Animal advocates worried for future of dog sanctuary in Puerto Vallarta

For 12 years, dogs and other animals, have been given a second chance to experience good health, new homes, and the joy of belonging to a family — because of the PV SPCA, the brainchild of a California woman named Janice Chatterton, its powerhouse founder.

Chatterton oversaw, fund-raised, and managed the charity, with a determination that some say has inspired a cultural shift on how dogs are treated in Puerto Vallarta.

“This is a world-class facility,” said Stephanie Dubinsky, a Canadian who has been with the PV SPCA from the beginning. “She was the fearless leader.”

But now the fate of the sanctuary is uncertain.

Janice Chatterton is gone: she died in March after a sudden illness, and her fundraising and business acuity the sanctuary relied on to do its work is gone as well.

For Dubinsky the idea that Chatterton’s dream may be in jeopardy is unthinkable.

“This organization and this facility has housed literally thousands of dogs and rescued them off the streets,” she said. “We’re taking in dogs that can’t walk anymore, whose limbs have been severed, who are dragging themselves, who are near starvation.” In other words, dogs that likely would otherwise be dead.

“In Canada alone, there are 2,000 dogs that have come from that charity, that have come to Canada,” said Vancouver’s Deanna Pacitti, board member of PVCA Animal Rescue, the Canadian arm of the Mexican shelter. “That’s a lot of dogs — 300 dogs a year off the streets, which in and of itself is amazing.”

The non-profit charities work together to adopt dogs from Mexico to Washington, Oregon, Alberta and B.C., one at a time, that are fully vetted, spayed or neutered. Pacitti remembers Chatterton being especially impressed with the efforts from the north:

“She said Canadians always step up — she said, whenever I’m in a jam and I don’t have a place for a dog, there’s always a Canadian that puts up her hand and says, ‘I will take that dog.'”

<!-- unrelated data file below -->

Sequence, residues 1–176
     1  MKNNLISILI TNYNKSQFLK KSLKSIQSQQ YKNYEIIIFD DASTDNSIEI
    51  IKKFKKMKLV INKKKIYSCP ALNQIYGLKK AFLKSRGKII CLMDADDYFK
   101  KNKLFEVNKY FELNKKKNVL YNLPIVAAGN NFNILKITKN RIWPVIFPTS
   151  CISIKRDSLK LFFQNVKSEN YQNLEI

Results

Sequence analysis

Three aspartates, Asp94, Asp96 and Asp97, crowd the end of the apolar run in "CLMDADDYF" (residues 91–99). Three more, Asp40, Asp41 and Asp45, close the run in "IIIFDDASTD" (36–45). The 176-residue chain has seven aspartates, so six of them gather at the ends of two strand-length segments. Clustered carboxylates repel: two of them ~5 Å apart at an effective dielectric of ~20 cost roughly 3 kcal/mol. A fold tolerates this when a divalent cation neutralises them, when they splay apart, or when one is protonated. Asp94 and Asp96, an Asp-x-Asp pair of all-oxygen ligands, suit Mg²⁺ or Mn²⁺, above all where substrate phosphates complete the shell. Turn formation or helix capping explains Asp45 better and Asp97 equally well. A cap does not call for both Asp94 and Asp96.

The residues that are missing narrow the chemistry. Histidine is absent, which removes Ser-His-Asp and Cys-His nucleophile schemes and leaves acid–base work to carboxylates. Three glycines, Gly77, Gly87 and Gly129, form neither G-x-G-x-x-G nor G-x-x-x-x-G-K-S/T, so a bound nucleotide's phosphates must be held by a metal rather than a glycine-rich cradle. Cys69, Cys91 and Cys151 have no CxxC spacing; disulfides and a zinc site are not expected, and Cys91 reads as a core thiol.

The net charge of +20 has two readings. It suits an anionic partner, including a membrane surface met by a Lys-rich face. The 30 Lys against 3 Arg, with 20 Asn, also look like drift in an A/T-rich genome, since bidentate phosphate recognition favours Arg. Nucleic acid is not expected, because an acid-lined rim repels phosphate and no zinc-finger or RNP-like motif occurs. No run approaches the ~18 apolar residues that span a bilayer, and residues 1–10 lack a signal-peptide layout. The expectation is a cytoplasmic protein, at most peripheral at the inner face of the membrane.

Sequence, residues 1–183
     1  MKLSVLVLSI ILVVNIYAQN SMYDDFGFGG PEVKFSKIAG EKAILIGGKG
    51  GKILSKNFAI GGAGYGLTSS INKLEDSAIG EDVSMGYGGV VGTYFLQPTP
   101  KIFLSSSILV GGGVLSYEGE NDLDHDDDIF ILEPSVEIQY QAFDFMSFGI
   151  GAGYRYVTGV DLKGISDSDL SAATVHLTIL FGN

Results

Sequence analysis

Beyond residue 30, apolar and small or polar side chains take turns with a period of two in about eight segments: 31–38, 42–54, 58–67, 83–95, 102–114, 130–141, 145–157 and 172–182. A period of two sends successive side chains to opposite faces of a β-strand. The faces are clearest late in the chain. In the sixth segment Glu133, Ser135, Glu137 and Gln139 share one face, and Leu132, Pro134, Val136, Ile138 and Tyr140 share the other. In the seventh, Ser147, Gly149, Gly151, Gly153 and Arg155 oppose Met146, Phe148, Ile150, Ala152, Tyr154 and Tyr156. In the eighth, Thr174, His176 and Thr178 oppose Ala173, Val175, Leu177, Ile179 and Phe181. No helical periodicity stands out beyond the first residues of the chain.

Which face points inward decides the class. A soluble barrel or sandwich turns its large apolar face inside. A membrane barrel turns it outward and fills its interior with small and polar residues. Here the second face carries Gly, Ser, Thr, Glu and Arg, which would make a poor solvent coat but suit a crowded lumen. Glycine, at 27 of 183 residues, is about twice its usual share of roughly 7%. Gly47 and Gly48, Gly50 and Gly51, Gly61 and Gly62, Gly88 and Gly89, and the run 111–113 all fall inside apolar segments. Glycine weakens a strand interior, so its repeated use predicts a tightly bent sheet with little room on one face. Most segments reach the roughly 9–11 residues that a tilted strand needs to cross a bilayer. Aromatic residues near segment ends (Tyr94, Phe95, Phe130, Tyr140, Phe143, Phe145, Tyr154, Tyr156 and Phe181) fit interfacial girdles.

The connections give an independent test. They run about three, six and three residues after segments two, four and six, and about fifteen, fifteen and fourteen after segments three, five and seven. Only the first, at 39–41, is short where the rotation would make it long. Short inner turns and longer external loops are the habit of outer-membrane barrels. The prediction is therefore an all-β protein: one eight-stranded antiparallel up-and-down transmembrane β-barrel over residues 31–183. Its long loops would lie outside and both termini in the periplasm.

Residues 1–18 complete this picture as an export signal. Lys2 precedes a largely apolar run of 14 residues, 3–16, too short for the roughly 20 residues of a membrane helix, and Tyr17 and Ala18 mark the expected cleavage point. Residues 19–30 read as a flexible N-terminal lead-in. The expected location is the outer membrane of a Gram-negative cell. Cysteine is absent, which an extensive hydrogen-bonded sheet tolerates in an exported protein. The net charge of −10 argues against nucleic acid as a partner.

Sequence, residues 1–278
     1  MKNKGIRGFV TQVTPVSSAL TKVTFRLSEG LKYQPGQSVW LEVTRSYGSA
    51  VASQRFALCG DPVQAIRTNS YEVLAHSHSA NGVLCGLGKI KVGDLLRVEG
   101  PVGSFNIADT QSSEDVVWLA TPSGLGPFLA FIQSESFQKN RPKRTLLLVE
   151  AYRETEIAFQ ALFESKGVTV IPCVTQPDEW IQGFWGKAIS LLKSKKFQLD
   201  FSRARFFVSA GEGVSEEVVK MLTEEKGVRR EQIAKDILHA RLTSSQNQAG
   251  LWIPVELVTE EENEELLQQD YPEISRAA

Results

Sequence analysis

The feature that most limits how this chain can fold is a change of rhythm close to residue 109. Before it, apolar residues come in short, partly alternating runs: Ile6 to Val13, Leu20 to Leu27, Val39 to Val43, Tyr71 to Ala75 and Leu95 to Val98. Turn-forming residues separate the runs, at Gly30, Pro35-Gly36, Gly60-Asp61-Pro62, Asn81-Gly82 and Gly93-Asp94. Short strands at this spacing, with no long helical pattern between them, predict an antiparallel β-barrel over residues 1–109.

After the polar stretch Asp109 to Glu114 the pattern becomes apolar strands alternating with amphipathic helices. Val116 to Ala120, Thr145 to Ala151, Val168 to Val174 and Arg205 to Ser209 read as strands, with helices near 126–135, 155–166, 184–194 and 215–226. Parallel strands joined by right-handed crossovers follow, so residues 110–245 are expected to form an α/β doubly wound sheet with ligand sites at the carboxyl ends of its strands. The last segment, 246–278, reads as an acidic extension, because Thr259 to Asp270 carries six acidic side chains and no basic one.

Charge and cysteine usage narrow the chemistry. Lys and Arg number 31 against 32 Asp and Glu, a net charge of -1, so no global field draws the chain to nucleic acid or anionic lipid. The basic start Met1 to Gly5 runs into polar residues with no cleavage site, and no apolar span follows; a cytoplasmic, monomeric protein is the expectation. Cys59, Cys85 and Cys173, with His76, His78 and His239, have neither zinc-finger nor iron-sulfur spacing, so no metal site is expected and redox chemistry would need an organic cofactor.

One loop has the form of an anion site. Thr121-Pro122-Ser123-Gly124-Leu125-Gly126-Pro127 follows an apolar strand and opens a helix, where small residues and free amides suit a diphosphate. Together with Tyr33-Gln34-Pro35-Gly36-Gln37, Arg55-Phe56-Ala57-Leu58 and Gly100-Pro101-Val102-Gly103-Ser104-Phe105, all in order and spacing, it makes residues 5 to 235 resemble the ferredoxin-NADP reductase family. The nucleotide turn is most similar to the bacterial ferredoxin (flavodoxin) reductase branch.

A network of volunteers in Metro Vancouver and on Vancouver Island help with everything from fostering dogs in preparation for their new families here, to transporting them from the airport, to supporting new adopters with training and problem-solving.

But it is maintaining and operating the physical shelter in Puerto Vallarta that has those devoted to keeping it running, like Dubinsky, worried — costs are high and the dogs keep coming.

Since Chatterton passed away there are half as many dogs being cared for at the shelter — an uncertain future has forced them to scale back until they can establish steady funding. They are still rescuing dogs, but when Chatterton was alive she gave stability to the sanctuary and its work that will be difficult to replace, as will the impact her inspirational dedication had on those around her.

Dubinsky says the 84-year-old would be at the shelter three times a week, providing hands-on medical care to the dogs, bathing them, and sometimes hand-feeding those too weak to stand up. “That’s just the type of lady she was,” Dubinsky said. “She was never going to quit — everything was for the dogs.”

“We’re going to find a way to keep doing this,” Chavira Prieto said. “We’re still rescuing dogs. We cannot stop.”

“Janice said to me over Christmas, ‘I don’t feel like I’ve done enough,'” Pacitti said. “And all of us are like, are you kidding, what you’ve done is amazing.”

Dubinsky agrees. “I think she would be very proud of the way that we’re continuing to run the facility — it is absolutely up to her standards,” she said. “We’re just trying to live up to her legacy.”

Shelley Moore, CTV News Vancouver – Read Original Story

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